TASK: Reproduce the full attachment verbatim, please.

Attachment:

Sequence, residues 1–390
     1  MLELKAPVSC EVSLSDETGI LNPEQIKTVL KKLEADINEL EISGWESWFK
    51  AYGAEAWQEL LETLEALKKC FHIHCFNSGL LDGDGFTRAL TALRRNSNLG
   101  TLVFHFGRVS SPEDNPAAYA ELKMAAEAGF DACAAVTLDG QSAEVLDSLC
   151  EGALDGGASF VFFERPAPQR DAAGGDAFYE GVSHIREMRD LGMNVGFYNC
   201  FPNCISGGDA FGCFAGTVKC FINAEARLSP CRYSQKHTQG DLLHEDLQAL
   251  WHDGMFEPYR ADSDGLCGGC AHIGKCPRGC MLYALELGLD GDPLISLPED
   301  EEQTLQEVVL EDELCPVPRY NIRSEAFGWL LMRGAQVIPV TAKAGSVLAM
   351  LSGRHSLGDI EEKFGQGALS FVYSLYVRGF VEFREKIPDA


Sequence, residues 1–390
     1  MLELKAPVSC EVSLSDETGI LNPEQIKTVL KKLEADINEL EISGWESWFK
    51  AYGAEAWQEL LETLEALKKC FHIHCFNSGL LDGDGFTRAL TALRRNSNLG
   101  TLVFHFGRVS SPEDNPAAYA ELKMAAEAGF DACAAVTLDG QSAEVLDSLC
   151  EGALDGGASF VFFERPAPQR DAAGGDAFYE GVSHIREMRD LGMNVGFYNC
   201  FPNCISGGDA FGCFAGTVKC FINAEARLSP CRYSQKHTQG DLLHEDLQAL
   251  WHDGMFEPYR ADSDGLCGGC AHIGKCPRGC MLYALELGLD GDPLISLPED
   301  EEQTLQEVVL EDELCPVPRY NIRSEAFGWL LMRGAQVIPV TAKAGSVLAM
   351  LSGRHSLGDI EEKFGQGALS FVYSLYVRGF VEFREKIPDA